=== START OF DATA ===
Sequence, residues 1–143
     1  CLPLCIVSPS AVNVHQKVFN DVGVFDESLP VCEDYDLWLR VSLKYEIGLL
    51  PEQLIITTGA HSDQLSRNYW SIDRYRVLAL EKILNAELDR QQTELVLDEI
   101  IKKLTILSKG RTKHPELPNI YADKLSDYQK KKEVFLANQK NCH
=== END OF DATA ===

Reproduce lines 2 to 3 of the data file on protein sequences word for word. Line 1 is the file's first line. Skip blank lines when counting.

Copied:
     1  CLPLCIVSPS AVNVHQKVFN DVGVFDESLP VCEDYDLWLR VSLKYEIGLL
    51  PEQLIITTGA HSDQLSRNYW SIDRYRVLAL EKILNAELDR QQTELVLDEI